We have heard a lot about people entering our country for the sole purpose of having their children born here so that they become citizens of our country. And we call our citizens Americans. But what is America, and what is an American? Is it just a person born here? And is America (I know, the United States of America) just the name of a geographical territory in the Western Hemisphere.
To say simply that an American is whoever is born here or who has taken an oath of citizenship is like saying that the Bible or a contract is just ink markings on paper. It is true that a Bible is ink markings on paper, but it is not just that. And if America is just the sum total of those people we call citizens, then we have deconstructed or dumbed-down our ideals to make them irrelevant, undesirable, or even inappropriate.
If we don’t have an idea of what we are supposed to be like as a nation (if anything), then we have no way to evaluate how we are doing. You can’t fix something if you have no way of knowing if it is broken or what is broke. You can’t have a garden without knowing what the weeds are and what the plants are that you intentionally want to cultivate.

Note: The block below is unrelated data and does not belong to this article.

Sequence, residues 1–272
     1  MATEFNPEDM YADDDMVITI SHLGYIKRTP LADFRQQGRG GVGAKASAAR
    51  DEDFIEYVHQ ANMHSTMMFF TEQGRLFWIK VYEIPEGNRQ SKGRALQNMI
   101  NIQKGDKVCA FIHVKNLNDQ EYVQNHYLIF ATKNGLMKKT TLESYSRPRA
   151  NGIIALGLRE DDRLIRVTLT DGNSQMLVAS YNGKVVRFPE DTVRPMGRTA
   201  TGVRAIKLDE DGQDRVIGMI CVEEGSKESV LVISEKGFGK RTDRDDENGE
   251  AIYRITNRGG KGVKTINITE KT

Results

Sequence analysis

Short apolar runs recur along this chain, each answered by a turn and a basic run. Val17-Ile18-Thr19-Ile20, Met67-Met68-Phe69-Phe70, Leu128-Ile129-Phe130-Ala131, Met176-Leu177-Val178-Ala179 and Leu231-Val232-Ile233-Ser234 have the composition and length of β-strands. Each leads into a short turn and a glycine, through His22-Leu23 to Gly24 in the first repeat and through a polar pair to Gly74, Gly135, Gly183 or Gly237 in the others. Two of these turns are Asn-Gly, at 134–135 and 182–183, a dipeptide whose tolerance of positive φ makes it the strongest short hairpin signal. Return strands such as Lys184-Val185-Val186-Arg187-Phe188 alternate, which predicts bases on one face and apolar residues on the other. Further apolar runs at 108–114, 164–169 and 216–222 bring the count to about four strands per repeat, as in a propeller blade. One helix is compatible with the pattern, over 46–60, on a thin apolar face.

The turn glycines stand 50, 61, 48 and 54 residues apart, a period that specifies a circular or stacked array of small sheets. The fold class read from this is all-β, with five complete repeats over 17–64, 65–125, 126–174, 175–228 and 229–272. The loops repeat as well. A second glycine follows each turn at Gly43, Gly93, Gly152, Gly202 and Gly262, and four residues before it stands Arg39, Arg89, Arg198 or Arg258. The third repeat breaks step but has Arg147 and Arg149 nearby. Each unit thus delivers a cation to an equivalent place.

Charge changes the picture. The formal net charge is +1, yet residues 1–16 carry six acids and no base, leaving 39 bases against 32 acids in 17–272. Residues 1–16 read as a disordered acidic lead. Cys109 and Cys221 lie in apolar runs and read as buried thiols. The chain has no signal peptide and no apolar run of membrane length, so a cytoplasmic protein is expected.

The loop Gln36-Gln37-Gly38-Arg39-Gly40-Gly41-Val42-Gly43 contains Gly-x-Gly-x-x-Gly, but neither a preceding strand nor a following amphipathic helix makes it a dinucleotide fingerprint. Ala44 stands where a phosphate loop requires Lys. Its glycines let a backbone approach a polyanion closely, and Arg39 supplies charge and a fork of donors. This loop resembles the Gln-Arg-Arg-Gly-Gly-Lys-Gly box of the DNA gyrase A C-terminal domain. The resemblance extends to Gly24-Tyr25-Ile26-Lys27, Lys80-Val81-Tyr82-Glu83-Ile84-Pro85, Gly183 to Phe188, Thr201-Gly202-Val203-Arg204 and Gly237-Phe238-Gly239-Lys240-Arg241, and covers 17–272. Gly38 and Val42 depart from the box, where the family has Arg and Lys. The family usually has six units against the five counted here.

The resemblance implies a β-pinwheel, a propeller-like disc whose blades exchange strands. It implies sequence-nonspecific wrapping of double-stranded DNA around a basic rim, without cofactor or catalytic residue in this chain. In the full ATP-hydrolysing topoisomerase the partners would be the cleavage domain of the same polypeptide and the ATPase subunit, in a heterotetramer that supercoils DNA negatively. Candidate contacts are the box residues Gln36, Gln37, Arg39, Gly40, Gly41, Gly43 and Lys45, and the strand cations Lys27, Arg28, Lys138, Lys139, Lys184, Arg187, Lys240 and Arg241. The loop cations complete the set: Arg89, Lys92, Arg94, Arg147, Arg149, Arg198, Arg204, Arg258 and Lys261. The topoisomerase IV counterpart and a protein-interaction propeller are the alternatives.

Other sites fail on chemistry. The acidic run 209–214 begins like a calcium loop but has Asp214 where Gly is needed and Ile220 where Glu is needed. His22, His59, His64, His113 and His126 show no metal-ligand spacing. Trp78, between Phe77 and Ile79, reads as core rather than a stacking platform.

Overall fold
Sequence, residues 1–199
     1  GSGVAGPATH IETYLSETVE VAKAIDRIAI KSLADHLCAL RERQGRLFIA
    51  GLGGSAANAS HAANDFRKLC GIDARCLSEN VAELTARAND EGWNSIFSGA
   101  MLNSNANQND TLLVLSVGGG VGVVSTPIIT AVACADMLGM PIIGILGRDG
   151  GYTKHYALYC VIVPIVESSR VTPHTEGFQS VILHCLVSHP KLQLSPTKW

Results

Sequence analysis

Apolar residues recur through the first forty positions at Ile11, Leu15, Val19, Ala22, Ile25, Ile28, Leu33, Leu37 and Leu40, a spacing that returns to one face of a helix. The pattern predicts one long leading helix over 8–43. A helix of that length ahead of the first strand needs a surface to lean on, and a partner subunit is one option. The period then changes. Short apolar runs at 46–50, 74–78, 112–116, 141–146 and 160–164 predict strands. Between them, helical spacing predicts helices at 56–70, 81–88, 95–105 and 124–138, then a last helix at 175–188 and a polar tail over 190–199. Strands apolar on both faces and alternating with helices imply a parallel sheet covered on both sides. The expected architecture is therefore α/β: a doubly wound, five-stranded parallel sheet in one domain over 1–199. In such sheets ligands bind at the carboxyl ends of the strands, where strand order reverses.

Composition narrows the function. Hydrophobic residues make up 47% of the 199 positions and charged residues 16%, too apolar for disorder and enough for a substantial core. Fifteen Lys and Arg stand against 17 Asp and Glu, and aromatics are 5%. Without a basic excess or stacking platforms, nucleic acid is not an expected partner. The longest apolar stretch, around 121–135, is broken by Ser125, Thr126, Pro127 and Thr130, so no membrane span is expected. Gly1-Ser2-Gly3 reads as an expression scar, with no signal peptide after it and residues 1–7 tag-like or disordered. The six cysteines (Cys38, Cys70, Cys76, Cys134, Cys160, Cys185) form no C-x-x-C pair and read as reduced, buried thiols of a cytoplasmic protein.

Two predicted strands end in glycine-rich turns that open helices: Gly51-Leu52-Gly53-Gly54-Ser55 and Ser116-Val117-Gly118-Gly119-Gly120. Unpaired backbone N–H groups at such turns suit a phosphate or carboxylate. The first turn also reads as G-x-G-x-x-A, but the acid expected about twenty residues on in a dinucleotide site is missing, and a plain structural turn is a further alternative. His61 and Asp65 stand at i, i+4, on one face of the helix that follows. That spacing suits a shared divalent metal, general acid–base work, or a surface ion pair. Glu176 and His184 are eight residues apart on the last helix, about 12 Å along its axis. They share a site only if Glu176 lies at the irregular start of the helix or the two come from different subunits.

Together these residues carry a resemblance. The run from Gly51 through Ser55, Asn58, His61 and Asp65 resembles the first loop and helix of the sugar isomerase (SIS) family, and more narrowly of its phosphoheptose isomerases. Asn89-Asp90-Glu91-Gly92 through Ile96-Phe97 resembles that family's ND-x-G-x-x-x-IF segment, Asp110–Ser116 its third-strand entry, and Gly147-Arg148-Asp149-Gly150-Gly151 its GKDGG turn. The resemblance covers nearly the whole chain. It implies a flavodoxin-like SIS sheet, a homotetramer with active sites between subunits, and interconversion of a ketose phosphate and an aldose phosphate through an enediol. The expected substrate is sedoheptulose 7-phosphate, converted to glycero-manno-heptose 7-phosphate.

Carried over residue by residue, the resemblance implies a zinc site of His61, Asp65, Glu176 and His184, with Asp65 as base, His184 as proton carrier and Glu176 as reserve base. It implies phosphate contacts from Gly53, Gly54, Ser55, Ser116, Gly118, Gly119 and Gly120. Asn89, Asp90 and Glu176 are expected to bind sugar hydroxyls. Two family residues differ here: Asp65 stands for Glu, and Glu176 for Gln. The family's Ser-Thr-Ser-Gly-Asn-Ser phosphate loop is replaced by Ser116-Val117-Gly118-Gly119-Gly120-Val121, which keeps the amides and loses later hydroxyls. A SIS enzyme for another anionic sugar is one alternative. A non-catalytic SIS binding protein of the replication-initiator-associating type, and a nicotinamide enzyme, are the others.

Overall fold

And you don’t create a new nation, like ours was created, without having a clear idea of what you want it to be. If we don’t know what we want to be as a nation, it’s like we are sitting in a rowboat without oars, going wherever the current and the waves push us. Like a ship without a rudder, it has no destination or goal. As long as it doesn’t sink, everything is alright.
Some people focus on the idea that we are a nation of immigrants, that America is not based on a particular ethnicity. When you say you have to be Japanese to be Japanese, you are not making a tautological statement. But you can be Japanese and still be an American.
We used to call it the melting pot, where all these different nationalities combine to form a new nationality, an American. But now we talk of the salad bowl, where each individual part of the mix retains its individual identity. There is no longer considered to be a distinctly American culture, certainly not one to be retained. Every culture is equally good; but if there is no actual American culture, then we become a mixture of all the other nations.
Is that so bad? If that’s so good, they could have stayed where they were, and we could have stayed the way we were. If the way we were was so bad, they wouldn’t have come here. If we become like the countries they came from, then we are not as great as we used to be.
If we don’t know why we are great or how we got that way, we will not know when we are losing that greatness, why, and how we can get it back.
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